Tuesday, October 25, 2011

Is what's good for the goose really good for the gander?


Tonight I followed a conversation about whether or not to offer constructive criticism on a manuscript.  Some recommended being brutally honest.

I tend to disagree.  Everybody has different tastes and as such a different opinion.  You may like a sweet and sappy story, someone else may hate it.  You may like a murder mystery and think ‘the bloodier the better’, someone else might prefer something a little more subtle.  So criticizing someone’s work should always be done with extreme caution.

Take into account that this person has worked on his manuscript for weeks, maybe even months.  It started with an idea, through bouts of inspiration it took shape, with hard work and perseverance it was finished. 

Since finding a literary agent or publisher is extremely difficult, the author then proceeded to self-publish, because he’s proud of his work and feels he has something to share. 

Having read hundreds of books and followed several critiques, I can honestly say that I put no stock whatsoever into what a critic has to say.  What he gives is his opinion of the book, which may or may not be the opinion of the general public.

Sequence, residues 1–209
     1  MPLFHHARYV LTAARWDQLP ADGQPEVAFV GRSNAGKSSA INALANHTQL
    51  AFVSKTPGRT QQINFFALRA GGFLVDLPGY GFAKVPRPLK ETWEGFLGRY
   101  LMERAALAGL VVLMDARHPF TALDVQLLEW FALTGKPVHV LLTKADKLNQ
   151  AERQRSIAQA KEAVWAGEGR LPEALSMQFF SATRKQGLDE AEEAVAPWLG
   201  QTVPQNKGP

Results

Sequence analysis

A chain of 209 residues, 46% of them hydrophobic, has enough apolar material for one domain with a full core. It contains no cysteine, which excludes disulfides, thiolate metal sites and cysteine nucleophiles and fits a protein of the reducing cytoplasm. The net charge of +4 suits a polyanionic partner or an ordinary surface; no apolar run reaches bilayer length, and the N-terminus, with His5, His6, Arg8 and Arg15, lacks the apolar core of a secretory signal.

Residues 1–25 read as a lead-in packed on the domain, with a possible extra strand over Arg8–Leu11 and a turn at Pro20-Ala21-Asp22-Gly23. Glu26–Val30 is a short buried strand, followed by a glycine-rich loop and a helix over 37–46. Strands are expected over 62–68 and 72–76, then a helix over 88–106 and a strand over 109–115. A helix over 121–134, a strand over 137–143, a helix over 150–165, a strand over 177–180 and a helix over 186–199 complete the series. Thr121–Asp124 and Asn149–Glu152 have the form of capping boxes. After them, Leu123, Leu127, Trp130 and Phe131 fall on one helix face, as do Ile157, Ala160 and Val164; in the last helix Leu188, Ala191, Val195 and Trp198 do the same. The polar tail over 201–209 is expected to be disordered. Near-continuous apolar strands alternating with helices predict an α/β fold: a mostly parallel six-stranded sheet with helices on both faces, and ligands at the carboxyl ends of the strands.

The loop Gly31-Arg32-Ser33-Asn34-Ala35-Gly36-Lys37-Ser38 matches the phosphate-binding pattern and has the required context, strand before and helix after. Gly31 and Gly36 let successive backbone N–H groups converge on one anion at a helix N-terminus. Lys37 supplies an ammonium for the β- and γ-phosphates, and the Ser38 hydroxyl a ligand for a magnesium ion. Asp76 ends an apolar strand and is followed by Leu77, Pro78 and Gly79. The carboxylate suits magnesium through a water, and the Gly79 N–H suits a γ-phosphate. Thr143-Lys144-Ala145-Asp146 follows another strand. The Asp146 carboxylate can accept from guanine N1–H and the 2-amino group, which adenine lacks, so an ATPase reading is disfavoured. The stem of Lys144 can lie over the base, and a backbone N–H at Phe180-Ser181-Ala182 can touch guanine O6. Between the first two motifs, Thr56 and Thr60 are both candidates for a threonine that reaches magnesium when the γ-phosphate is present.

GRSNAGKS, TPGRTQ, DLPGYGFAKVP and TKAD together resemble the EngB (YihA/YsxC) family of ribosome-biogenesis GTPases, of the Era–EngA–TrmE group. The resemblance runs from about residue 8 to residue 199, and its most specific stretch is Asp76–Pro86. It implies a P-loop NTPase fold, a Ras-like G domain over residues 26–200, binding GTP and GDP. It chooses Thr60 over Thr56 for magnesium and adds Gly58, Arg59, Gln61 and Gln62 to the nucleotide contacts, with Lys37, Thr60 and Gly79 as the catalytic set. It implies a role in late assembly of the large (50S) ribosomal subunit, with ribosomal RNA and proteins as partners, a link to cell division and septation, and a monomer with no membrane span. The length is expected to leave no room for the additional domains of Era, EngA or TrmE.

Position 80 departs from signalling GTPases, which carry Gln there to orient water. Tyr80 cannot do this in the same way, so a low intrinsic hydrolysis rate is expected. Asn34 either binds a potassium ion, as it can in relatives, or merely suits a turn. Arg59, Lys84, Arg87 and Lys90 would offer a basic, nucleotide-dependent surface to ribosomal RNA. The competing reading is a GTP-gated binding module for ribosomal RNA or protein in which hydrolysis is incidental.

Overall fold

The same with movies and plays.  How often have you read a raving review about a movie and were thoroughly disappointed when you saw it yourself?  By the same token, how often have you seen a movie the critics slammed, and loved it?  There is simply no accounting for taste.

Keep in mind that even J.K. Rowling had to take a certain amount of criticism and rejection when she approached literary agents and publishers with the first Harry Potter book.  Whether you like or dislike the Harry Potter series … today J.K. Rowling is richer than the queen of England.  Can you say as much?

Other than that, authors are only as good as their editors.  Open any book and read the acknowledgements, each and every author will thank her editor(s).  They are the ones who read the original work, slashed unnecessary details and advised what should be expanded upon. 

But even with an editor’s help, a book sometimes is not all that it could or should be.  Take “Duma Key” from Stephen King for instance.  In general people rave about Stephen King.  I only read 35 pages on “Duma Key” and tossed it.  In those 35 pages the main character did nothing but swearing and shouting.  Okay, so he was angry.  Mr. King didn’t have to devote 35 pages to that emotion, I understood the man anger in one or two pages.  Couldn’t King’s editor have advised him to slash 33 pages?

In the end it’s all about personal choice.  What’s good for the goose is not necessarily good for the gander.  If you have to offer criticism, think before you speak.  How would you like to hear someone trash your work?



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